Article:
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Re: Aquascaping question

Shireen wrote:

> One of the things that fascinated me about some of the
> aquascaping was the height of many background plants.
> I've had trouble with that because, while the upper parts
> look good, the lower parts of the plants that are shaded
> from light always get stringy and unhealthy.
> - - I'm wondering if the background plants in some of
>     those tanks have a raised substrate in the back. If so,
>     how is this done?

No doubt some of them were terraced.  I've never succeeded in keeping
anything terraced for any length of time, so maybe someone who is
successful with it can explain how they did it.

> - - Does a very thick substrate cause anaerobic conditions
>     that could be unhealthy?

In my experience most plants seek out and thrive with an anaerobic
substrate.  Just the same, there are limits.  I wouldn't want all of the
substrate to be anaerobic.

> - - Other than driftwood, are there other ways of raising
>     the height of some plants (riccia, Java fern, Java moss,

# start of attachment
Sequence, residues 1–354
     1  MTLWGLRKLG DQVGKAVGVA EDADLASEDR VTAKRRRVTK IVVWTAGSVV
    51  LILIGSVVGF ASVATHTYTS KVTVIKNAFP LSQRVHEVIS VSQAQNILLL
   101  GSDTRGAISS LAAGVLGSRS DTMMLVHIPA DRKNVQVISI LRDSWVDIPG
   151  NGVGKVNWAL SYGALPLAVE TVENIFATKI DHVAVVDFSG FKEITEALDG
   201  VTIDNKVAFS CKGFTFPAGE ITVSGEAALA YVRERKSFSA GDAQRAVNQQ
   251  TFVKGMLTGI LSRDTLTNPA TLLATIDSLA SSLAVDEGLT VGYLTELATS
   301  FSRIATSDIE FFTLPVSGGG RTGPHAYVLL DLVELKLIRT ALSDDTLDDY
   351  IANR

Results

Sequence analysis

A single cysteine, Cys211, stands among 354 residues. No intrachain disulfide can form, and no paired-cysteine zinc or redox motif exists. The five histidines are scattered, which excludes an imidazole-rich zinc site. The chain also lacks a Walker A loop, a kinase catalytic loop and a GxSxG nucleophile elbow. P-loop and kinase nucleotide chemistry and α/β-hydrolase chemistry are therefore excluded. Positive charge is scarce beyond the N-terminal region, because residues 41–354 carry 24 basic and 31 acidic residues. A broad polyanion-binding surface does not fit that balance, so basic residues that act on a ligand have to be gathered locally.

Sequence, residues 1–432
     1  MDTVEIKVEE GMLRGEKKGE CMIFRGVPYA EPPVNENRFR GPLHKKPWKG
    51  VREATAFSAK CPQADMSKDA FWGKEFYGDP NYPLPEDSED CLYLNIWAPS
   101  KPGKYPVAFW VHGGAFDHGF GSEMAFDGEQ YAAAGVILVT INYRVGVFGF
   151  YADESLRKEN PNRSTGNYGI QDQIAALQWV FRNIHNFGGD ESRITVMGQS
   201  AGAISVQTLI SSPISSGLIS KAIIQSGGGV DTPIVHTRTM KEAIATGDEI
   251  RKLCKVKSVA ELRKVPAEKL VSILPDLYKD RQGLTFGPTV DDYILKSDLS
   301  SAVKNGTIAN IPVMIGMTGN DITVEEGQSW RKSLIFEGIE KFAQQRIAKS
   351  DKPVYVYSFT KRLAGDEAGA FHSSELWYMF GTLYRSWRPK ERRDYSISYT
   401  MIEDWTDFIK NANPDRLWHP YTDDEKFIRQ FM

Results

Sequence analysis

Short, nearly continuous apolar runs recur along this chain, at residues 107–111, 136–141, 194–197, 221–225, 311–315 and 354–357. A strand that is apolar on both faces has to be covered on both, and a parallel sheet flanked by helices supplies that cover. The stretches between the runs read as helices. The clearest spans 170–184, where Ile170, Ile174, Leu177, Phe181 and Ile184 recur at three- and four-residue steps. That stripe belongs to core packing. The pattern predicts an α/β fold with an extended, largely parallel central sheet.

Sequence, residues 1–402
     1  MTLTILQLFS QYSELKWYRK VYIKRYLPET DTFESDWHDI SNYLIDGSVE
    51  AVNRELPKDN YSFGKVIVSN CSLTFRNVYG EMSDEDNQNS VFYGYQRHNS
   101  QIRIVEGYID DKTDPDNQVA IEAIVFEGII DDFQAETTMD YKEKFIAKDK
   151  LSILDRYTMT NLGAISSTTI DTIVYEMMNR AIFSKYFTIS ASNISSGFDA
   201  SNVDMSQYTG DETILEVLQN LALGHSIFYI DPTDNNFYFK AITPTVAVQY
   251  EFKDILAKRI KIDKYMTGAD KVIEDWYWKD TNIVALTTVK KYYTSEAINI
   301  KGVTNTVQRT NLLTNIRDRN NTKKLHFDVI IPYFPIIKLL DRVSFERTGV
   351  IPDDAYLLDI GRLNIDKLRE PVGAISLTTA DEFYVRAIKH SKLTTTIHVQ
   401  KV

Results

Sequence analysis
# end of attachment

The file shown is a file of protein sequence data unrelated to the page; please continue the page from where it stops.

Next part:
>     etc.)? Large rocks could cause weight problems! Does
>     anyone use realistic-looking lightweight "fake" rocks
>     made of plastic or styrofoam that provide a good
>     clinging surface for some plants like riccia, Java fern,
>     etc.?

Some plants (Bolbitis in particular) don't seem to attach well to
rocks.  Wood works better.  I would stay away from foam plastics like
styrofoam; that's partly because they release plasticizers into the
water and partly because a lot of the foam I've seen submersed very long
appears to degrade.  I seem to recall that one of the large tanks in the
2000 AGA contest had a construction on the back and sides that appears
to be of styrofoam or something similar.
> For someone who does not use CO2 and fertilizes sparingly,
> I'm fairly happy with the plant growth rate. But my tanks
> look too 2-dimensional. It would be nice to have more
> vertical landscaping to create the illusion of hills and valleys.

I'm glad you're happy with your tank.  Lack of CO2 and sparing
fertilizer may be why the lower leaves of your stem plants look a little
ratty.  Those factors (taken together) keep the lower leaves on stem
plants looking better than they would otherwise.

A common practice is to stagger the height of plants from high in back
to low in front so that plants at the front obscure the lower leaves on
the background plants.  That way the lower leaves on the background
plants can get pretty ratty and no one notices.

Roger Miller